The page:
The most transit dependent, the lowest income brackets, those with the least resources to pay higher taxes and fares, were dramatically underrepresented. Yet the highest earners, most able to pay more taxes, and more likely to be transit riders by "choice", are over represented in this survey.

This major demographic skew alone raises significant doubt about the quality of the survey.

Compared to the Fall 2018 survey, this does have more project specifics, but is lacking in details that anyone, particularly a planning organization, would want to know in developing and prioritizing plans and alternatives.

As we stated previously, while the newer survey has a little more data, it is lacking in key metrics of ridership, congestion relief, costs, safety metrics, travel time reduction, traffic volumes, environmental impact, economic impacts, etc. to help the respondent understand the value of the options the MPO is interested in.

It also suffers, perhaps most severely, in the well known issues with these type of preference surveys. It measures the respondents preference at the time of the survey. It does not measure the respondents action in the future, or what is known as their "revealed preference" in economic theory. These two are dramatically different.

One may respond positively for a BRT route or a bike path that appears to beneficial to them. That does not mean they will actually be a regular BRT rider or bicyclist. Especially when the benefit may be years away. Many if not most, will chose convenience and timeliness over transit or biking most of the time, and use their cars.

This is a huge danger in this survey that not only misleads the respondents, but more significantly the planners who will use these misleading results to develop bad plans. 

Shall we dive a bit deeper?

The first question was regarding Bus Rapid Transit routes. (Note there was an online version as well with the same questions).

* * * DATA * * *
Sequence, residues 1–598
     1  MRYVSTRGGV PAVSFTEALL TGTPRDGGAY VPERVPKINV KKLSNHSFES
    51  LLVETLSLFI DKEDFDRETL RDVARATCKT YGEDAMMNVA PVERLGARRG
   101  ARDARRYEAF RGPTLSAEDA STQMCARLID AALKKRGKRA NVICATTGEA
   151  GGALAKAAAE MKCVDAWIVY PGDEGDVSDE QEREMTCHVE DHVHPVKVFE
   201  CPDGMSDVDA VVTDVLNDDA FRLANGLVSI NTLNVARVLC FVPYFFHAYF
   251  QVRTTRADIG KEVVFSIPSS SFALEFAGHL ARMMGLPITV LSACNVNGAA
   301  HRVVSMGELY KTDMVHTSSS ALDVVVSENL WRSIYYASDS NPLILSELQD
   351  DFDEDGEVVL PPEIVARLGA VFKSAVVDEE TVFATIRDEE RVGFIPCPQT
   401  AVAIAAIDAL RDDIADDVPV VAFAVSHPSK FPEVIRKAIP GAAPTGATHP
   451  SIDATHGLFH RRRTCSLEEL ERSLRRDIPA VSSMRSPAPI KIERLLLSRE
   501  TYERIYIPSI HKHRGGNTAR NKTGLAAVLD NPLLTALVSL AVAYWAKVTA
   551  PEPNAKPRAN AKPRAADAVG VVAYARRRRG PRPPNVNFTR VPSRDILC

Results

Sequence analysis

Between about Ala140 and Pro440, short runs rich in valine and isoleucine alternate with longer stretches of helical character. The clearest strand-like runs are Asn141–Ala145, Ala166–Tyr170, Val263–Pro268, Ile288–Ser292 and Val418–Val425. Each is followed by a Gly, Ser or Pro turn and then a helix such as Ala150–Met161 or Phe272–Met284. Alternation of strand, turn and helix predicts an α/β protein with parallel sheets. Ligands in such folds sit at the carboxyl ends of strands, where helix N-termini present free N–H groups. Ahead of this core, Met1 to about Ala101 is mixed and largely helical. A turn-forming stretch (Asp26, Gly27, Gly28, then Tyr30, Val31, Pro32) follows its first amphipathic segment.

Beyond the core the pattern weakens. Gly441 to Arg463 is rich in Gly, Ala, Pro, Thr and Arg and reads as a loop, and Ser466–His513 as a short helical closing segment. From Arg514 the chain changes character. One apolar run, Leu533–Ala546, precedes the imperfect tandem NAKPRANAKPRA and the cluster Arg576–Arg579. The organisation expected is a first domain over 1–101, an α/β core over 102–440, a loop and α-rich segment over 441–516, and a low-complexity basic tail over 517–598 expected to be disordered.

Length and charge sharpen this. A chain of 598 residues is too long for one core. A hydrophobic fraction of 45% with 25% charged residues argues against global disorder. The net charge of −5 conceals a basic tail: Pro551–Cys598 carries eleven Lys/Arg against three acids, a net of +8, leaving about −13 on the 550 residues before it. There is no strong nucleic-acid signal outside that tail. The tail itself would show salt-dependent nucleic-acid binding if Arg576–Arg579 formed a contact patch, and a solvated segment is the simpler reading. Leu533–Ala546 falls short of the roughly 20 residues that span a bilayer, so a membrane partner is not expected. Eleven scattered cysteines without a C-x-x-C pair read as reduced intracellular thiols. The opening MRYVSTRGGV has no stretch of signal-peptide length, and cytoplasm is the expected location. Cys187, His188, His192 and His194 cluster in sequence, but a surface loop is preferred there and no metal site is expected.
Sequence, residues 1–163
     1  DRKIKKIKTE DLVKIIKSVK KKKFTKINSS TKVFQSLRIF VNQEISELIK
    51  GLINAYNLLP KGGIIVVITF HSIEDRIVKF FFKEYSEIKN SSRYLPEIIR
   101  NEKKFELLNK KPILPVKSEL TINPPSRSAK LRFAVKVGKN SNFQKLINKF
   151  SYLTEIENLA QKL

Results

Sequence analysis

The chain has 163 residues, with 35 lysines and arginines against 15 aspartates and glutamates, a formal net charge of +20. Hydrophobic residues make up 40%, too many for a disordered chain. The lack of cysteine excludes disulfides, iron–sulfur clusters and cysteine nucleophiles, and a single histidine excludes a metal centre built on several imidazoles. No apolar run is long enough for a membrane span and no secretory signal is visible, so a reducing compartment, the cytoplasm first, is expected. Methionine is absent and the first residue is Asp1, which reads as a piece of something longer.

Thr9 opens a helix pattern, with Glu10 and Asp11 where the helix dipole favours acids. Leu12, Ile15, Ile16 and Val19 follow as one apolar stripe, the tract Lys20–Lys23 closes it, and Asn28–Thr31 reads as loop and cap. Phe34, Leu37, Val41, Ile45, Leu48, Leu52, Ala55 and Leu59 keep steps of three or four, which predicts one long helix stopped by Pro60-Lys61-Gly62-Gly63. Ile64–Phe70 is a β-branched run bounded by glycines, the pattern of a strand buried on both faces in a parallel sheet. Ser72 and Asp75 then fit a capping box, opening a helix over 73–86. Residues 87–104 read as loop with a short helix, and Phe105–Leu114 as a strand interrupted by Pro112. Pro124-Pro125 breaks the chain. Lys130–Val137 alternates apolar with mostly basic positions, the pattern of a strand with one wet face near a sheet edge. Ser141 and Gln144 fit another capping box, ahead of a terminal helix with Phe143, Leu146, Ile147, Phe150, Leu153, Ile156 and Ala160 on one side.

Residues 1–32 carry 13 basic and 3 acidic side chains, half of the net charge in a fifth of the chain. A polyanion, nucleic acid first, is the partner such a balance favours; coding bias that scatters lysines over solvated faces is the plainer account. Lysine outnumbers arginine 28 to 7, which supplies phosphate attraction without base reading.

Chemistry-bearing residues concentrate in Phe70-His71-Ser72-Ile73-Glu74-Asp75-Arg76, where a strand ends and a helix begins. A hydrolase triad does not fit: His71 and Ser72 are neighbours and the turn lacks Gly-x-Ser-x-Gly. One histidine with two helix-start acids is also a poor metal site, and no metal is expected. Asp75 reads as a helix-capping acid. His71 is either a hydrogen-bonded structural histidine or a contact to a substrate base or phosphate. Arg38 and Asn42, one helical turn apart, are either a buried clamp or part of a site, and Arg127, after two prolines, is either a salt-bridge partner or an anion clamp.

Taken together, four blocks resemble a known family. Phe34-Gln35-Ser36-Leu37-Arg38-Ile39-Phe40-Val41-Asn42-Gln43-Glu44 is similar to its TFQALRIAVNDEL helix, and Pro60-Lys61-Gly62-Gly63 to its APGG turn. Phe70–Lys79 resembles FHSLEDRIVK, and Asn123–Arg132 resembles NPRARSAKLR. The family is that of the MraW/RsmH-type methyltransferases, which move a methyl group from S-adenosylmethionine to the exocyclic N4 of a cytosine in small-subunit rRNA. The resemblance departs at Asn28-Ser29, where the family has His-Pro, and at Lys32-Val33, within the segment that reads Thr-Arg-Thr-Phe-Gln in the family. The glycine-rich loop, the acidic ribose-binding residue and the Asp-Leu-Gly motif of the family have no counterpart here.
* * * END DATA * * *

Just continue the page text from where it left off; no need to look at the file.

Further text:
BRT Question
The survey only asks about some pre-selected routes. It also suggests BRT is fast, high quality, with "pleasant stations", and modern vehicles.

It sounds mighty fine! Who could be against that?

It did not ask how much the respondent might be willing to pay in BRT fares or additional taxes to cover the costs... which are not mentioned anywhere. Level of ridership is also missing. Nor is there any statement regarding the time frame BRT may be ready, nor if any traffic lanes may need to be removed, which is common in BRT lines.

The next question is about a limited set of "major investments".

Major Investment question
Again, they totally miss any exposure of costs, ridership, how to pay for it, economic impact, congestion relief, etc.

For example downtown streetcar extension plans to date appear very limited to downtown. How does that benefit the nearly 1.4 million residents in Hillsborough, to be over 2 million residents by 2045?

Likewise, the Reuse Freight Rail Tracks does not expose the failures of other attempts at commuter rail in Florida such as Sunrail in Central Florida and Tri-Rail in South Florida.